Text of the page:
Mirage of Greatness. a poem by Gerald Seniuk

Gerald Seniuk


Oh Putin, how sad you must feel,
humiliated and beaten back in Kyiv, which 
you boasted would be taken in three days.
The embarrassment of all those tanks,
strung out, unable to move forward,
unable to escape, all proudly marked
with your own nazified Zed— how
you must dread having to look at all
those pictures of impotence and loss.

Remember when you jovially counselled Ukraine
to submit and enjoy what was about to take place,
twinkly eyed boasting about a metaphorical
rape that Ukraine might as well roll over and enjoy.
And in your failure, you instead raped mothers,
sometimes in front of their children,
sometimes both at the same time.
 What are you? Are you the Devil?

No, you’re not the Devil, you’re just a
shoddy, ugly man, like your heroes Ivan,
Stalin, and Hitler. You’re not the Devil,
but you are his friend. Do you know 
the Devil laughed at you when you ran
from Kharkiv, wetting your pants, dropping
your gun, and hiding in women’s clothes?
At Kherson, your third humiliating defeat, you
managed a sort of success, an organized retreat.
 But a loss, none the less.

Your most pathetic humiliation is Soledar.
After a year of sending more lambs to bound over
fields laden with your corpses, you have captured
this insignificant village of no strategic value.
So desperate for any win, you pound your chest
and crow about taking this settlement that is
far, far from the prize you crave,
the Golden Gates of Kyiv.

You remain smugly satisfied, and pretend that all
is according to your plan.  Maybe it is.
You seem to see yourself as a great, powerful man,
but it is easy to deceive yourself and your people.
When you speak, mirages of greatness appear,
and people cheer. And like Gods of past myths,
you point a finger at Dnipro and dozens die
in their homes, in their beds. Your left eye stares 
toward the civilians waiting outside the Kramatorsk
railway station, and sixty men, women, and children
die, another one hundred and ten are scarred for life.  
Your right eye glares at the women and children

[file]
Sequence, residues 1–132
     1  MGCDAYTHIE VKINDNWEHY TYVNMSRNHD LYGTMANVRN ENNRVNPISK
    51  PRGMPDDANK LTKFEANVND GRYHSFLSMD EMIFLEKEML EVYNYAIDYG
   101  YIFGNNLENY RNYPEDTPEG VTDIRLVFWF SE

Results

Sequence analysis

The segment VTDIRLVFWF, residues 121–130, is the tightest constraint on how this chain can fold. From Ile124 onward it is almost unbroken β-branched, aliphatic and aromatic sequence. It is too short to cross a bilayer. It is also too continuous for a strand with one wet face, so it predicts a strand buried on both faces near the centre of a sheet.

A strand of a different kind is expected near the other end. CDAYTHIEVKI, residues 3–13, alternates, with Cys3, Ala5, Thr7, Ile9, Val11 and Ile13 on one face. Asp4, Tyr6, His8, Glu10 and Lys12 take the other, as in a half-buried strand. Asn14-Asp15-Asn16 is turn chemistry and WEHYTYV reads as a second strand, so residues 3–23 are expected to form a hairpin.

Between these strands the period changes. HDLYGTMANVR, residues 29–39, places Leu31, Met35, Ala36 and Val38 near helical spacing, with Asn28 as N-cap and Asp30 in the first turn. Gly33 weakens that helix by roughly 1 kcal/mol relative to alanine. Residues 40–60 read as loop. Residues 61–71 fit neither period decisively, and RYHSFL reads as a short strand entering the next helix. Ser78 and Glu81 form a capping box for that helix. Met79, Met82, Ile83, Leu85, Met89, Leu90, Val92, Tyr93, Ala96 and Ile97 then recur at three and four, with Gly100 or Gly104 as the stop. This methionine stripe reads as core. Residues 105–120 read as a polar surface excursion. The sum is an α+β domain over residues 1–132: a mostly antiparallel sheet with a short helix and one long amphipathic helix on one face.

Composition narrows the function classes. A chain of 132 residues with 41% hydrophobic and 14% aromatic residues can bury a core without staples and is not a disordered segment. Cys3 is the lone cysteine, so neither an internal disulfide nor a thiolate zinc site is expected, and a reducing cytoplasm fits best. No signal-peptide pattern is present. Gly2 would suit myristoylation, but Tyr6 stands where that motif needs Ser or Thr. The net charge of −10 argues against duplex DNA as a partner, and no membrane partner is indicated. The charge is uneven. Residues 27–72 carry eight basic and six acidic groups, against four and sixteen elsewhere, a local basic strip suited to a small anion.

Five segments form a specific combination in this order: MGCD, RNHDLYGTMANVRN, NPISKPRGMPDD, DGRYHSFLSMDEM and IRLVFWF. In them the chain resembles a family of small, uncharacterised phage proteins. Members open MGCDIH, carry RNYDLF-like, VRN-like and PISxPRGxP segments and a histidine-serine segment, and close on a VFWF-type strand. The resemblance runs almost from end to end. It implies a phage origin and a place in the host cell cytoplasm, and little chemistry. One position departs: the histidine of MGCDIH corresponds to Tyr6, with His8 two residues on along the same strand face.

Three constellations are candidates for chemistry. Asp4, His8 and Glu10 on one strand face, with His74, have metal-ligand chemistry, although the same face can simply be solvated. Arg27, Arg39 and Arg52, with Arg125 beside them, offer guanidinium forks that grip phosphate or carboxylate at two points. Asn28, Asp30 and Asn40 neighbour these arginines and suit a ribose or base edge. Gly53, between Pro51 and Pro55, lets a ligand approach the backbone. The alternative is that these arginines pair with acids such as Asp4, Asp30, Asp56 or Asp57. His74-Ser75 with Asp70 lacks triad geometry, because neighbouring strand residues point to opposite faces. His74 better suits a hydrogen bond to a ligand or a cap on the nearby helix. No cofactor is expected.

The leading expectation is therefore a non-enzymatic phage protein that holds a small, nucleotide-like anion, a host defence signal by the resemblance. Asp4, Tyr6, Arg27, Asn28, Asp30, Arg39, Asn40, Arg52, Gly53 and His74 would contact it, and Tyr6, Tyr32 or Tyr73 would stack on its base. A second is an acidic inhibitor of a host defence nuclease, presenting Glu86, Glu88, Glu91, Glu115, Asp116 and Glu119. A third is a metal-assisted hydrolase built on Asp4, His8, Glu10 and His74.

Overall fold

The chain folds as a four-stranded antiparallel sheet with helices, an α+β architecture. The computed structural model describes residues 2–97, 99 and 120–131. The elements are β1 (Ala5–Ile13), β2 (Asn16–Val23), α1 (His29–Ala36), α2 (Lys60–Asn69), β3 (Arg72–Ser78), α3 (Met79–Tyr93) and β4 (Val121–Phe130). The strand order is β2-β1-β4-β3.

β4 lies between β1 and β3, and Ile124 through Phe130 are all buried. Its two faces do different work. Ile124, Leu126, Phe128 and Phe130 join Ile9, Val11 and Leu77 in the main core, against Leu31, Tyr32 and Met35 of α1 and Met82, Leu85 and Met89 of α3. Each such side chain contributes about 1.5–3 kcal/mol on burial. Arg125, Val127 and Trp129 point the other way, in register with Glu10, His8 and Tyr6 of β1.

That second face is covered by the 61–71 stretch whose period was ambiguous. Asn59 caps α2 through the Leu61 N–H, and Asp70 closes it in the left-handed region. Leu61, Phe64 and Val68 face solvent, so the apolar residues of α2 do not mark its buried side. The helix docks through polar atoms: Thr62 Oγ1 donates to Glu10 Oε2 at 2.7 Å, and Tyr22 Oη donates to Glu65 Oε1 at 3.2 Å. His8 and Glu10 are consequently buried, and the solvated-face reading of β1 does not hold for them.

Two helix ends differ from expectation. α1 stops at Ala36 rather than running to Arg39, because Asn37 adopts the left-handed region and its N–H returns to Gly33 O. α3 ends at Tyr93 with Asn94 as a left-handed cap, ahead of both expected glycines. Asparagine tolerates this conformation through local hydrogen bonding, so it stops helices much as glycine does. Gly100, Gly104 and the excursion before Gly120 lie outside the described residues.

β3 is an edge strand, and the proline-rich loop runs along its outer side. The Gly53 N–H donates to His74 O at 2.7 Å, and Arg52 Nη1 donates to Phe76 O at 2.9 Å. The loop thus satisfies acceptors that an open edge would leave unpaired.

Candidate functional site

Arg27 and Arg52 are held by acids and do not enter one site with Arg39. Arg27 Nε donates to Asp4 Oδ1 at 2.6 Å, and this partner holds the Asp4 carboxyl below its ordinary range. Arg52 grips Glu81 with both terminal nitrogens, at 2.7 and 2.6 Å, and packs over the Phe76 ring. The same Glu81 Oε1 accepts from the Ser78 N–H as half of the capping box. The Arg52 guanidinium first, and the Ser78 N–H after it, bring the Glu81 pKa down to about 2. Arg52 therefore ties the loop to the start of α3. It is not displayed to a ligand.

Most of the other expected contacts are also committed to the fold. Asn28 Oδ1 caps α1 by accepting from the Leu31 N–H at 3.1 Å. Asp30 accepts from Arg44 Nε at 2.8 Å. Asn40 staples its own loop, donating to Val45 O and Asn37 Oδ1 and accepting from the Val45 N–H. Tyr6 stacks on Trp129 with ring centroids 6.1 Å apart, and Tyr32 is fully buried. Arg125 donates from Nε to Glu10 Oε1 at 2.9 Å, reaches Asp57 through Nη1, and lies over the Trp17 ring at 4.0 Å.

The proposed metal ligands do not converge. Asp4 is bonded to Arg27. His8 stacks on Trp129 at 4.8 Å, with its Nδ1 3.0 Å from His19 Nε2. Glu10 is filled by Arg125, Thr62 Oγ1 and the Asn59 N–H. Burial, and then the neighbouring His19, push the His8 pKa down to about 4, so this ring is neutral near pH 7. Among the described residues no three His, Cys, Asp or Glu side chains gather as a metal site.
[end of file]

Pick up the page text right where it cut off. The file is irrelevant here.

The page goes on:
huddled in the basement of the Mariupol theatre,
and another six hundred die under the Red Cross.

No, Putin, you are not any kind of God.
You are a failed man, a weak man,
the opposite of a strong, virtuous man.
You have control of the Devil’s toys,
so, while you flee humiliation and
defeat in Kyiv, Kharkiv, and Kherson,
your only power is to destroy.

You are lost. You see that, don’t you?
Or have you, even now, no understanding
of the future that will arise from your 
failed, genocidal invasion of Ukraine?
It is plain to see.

Russians who worshipped you
will flounder, stumbling toward
an uncertain future, unsure of
their identity, of their purpose.
Russians lying in prisons for
calling out your lies will tell the
 truth about what you have done.

Ukraine and Ukrainians
will rise from your rubble,
grasping in both hands
the noble vision its people
strive and die for.

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Gerald Seniuk resides in Saskatoon, Saskatchewan, where his parents came when they immigrated to Canada from Ukraine in 1928.  He is retired from a career in law, has worked as a journalist, is an adjunct professor, and has authored legal articles published in peer-reviewed journals.

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Published by darcie friesen hossack

Darcie Friesen Hossack is a graduate of the Humber School for Writers. Her short story collection, Mennonites Don’t Dance, was a runner-up for the Danuta Gleed Award, shortlisted for the Commonwealth Writers Prize and the Ontario Library Association's Forest of Reading Evergreen Award for Adult Fiction. Citing irreverence, the book was banned by the LaCrete Public Library in Northern Alberta. Having mentored with Giller finalists Sandra Birdsell (The Russlander) and Gail Anderson Dargatz (Spawning Grounds, The Cure for Death by Lightening), Darcie's first novel, Stillwater, will be released in the spring of 2023. Darcie is also a four time judge of the Whistler Independent Book Awards, and a career food writer. She lives in Northern Alberta, Canada, with her husband, international award-winning chef, Dean Hossack.

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